Chapter 16
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True Romance

In Washed in the Blood, Lisa Alther tells a sweeping tale of racial and familial ambiguity

In her new novel, Kingsport native Lisa Alther uses as a plot device the racial and familial intermarriage that was once common in the Appalachians. For many, this aspect of mountain life is fodder for off-color jokes and stereotyping, but for Alther’s subjects, it serves as a survival mechanism. Rather than disappear, Native Americans, former slaves, and dark skinned colonists intermingled with white settlers, passing for white when possible but losing their identities in the process.

Combining the factual relevance of a history book with the intrigue and passion of a romance novel, Washed in the Blood follows the descendants of Diego Martin, a sixteenth-century hog drover who comes to the New World with a Spanish expedition. When Martin is abandoned by his party, he’s forced to reframe all the ideas he once held dear and make his way in a strange and dangerous land. As centuries pass––and Spanish, English, Portuguese, African, and Native American blood becomes increasingly intermingled––successive generations of Martins struggle with notions of identity and the fickle nature of love.

Washed in the Blood is a novel in three parts. The first concerns the aforementioned explorer, the so-called “Swine King,” Diego Martin. The second is dedicated to Daniel Hunter, a mid-nineteenth-century Quaker schoolteacher who forsakes his Philadelphia fiancée for Galicia Martin, a dark-haired, dark-eyed beauty whom he meets in the hills of Couchtown, Virginia. By now the Martins have melded into their surroundings. Like other families in the area, they are, as Alther writes, “neither fish nor fowl, neither white nor Indian nor African, most probably all three at once.” As such, they are subject to the whims of Easterners and other area whites whose need for land threatens both the family farm and the young lovers’ future.

Part three tells the story of Will Martin and Galicia Hunter. At this point, the Martin clan has split in two: the merchant side, who live in Couchtown, and the farming side, who live on nearby Mulatto Bald. Neither side is aware of their ancestral background, and both deny any connection to each other. Will is a Martin from the Bald, and Galicia, Daniel Martin’s granddaughter, is from Couchtown. Not realizing they are cousins, the two marry and start a family, moving to a nearby industrial center where they become prominent citizens. When Will’s son from a teen romance appears on their doorstep, Will and Galicia must come to terms with their shifting affections––and the fact that forbidden love may split the Martin clan once again.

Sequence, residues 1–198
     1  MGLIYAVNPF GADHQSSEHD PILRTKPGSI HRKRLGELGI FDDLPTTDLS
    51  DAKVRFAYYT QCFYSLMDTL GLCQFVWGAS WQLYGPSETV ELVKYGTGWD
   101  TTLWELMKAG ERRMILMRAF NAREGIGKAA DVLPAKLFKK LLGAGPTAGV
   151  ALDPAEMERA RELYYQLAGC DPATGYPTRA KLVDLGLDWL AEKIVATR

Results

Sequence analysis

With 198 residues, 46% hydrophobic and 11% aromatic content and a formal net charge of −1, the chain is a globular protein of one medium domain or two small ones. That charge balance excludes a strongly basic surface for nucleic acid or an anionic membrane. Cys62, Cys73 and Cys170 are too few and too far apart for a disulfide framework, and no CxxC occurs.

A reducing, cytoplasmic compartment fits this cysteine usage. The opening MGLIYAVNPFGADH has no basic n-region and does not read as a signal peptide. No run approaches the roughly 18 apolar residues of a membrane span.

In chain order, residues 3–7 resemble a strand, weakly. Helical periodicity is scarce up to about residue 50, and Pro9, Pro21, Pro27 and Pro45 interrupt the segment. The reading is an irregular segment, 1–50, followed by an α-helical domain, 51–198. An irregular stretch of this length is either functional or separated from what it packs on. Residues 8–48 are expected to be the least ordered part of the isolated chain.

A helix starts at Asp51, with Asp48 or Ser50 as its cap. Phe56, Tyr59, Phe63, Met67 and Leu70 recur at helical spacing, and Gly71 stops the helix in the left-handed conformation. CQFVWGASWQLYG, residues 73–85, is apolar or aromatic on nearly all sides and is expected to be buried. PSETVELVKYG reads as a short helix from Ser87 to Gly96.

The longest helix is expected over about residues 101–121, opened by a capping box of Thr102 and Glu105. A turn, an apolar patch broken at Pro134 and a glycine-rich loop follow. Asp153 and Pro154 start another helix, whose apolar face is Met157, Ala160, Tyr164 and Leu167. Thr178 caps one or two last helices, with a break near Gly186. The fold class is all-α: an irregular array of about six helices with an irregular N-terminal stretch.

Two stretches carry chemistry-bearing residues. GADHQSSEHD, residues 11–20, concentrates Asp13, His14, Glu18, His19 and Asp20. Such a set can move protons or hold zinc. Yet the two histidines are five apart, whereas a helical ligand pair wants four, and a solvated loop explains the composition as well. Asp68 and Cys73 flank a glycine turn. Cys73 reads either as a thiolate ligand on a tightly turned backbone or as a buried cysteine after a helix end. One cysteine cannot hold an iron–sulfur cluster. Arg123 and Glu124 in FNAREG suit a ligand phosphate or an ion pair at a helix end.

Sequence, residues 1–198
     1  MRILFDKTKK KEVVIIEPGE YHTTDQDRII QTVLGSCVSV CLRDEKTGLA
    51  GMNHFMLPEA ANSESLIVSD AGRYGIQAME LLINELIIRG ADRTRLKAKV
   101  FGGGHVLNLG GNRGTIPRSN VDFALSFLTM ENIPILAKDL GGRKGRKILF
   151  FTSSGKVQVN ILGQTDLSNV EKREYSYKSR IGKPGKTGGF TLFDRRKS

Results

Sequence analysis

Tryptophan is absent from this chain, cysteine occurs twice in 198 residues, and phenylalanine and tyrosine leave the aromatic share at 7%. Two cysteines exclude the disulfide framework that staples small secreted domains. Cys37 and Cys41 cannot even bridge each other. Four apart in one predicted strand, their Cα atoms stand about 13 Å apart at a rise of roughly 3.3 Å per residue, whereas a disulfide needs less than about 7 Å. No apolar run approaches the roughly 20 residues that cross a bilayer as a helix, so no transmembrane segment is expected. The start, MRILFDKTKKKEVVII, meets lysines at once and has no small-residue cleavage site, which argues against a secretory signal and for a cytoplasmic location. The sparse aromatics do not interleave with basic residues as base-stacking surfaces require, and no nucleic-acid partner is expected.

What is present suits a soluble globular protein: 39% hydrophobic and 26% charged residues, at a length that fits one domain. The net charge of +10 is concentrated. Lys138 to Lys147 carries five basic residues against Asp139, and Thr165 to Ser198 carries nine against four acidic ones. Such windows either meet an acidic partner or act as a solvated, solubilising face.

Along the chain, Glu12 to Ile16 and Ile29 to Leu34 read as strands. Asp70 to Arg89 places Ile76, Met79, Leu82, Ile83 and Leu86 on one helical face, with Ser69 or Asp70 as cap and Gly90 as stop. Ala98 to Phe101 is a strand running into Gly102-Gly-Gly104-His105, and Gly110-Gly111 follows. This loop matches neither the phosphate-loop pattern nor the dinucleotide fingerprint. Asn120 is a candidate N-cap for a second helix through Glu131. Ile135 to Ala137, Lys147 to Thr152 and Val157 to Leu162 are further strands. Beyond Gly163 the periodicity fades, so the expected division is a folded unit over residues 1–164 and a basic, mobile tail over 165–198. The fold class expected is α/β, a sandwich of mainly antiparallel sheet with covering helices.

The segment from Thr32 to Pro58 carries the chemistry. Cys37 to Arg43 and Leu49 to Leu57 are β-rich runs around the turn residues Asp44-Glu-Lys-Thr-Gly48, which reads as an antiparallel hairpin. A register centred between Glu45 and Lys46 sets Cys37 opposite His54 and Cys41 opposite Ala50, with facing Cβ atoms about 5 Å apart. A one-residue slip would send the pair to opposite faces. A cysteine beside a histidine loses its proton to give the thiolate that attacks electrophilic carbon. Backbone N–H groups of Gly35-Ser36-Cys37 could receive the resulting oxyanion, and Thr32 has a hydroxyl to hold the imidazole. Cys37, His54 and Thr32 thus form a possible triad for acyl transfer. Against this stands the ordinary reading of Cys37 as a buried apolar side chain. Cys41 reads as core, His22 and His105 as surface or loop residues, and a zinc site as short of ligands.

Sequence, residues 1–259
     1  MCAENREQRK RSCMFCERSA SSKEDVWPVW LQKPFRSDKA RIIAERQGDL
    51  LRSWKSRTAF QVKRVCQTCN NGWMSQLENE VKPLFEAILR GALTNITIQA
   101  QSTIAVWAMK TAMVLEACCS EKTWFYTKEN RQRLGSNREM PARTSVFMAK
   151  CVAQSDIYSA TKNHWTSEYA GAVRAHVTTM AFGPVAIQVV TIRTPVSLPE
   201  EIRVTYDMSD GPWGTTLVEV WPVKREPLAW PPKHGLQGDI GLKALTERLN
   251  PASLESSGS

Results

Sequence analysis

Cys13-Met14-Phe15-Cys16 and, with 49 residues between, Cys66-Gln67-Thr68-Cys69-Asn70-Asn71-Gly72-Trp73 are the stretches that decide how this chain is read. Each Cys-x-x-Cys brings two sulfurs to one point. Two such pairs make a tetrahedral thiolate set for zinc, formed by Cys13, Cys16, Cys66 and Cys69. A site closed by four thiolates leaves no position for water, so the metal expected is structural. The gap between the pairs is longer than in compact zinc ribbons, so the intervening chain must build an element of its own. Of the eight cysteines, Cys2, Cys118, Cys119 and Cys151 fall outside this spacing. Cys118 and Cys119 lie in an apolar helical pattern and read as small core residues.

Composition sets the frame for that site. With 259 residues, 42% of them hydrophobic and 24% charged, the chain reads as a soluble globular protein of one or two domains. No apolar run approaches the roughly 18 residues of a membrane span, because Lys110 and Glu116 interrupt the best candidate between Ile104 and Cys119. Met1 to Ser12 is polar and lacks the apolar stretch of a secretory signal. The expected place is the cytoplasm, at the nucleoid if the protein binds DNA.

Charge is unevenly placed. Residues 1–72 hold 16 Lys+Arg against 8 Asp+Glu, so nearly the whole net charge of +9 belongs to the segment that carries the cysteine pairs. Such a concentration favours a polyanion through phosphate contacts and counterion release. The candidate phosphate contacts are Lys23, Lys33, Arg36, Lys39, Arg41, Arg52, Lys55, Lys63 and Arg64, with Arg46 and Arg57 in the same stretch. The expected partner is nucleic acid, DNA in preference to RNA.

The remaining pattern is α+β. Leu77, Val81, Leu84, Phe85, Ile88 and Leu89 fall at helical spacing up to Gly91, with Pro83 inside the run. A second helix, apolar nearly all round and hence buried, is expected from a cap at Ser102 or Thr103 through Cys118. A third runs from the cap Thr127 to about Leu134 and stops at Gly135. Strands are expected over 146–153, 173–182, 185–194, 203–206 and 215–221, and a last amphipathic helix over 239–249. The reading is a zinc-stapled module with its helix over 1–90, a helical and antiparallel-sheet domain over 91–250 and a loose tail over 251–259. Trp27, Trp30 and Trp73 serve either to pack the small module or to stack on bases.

Alther, the internationally bestselling author of Kinflicks and Original Sins, among other novels, is a stickler for historical accuracy. Using meticulous research, she leads the reader through a plausible set of circumstances based on accepted genealogical theories and anthropological studies. The fear Will and Galicia Martin feel about their offspring’s skin color, for example, would have resonated with Reconstruction-era mixed-raced people, for whom skin color determined social status. As Southern whites struggled to gain control over recently emancipated blacks, the issue of skin color became more important than ever; for them it was therefore preferable––but less plausible––to claim to be of Indian or Portuguese descent. Will and Galicia make no such claims––though they aren’t passing for white, either, “Because passing implied that you knew you were black and were masquerading as white,” Alther writes. “But he and Galicia had no idea who they really were.”

Alther’s careful attention to historical accuracy does occasionally slip. Daniel Martin’s potential mother-in-law, for example, has a suspiciously enlightened view of race: “[T]he way we have dealt with the Indians and the Africans has robbed this country of all that early promise.”

But such whimsy is acceptable in historical romance, which gains its narrative power by placing anachronistic figures in historically challenging circumstances.

Alther’s insights into the history and culture of Appalachian life are crucial and well-researched, but the language of romance proves to be her great strength. Consider, for example, Daniel Hunter’s conflicting emotions for his fiancée, Abigail, and his paramour, Galicia. “Both were thrilling for him after a lifetime of depravation,” Alther writes. “With Galicia he dove deep to explore underwater caverns. With Abigail he was swept over a waterfall, clinging for dear life to a raft of bucking flesh.” Alther’s depictions of forbidden lust and star-crossed love retain the subversive character that typifies the work of such masters of the genre as Jane Austen or Nora Roberts: true love is attained only if one remains true to oneself. More than that, though, even with its hardships, bigotries, and genealogical confusion, Alther makes antique Appalachia seem like a pretty sexy place. Old times there are not forgotten, indeed.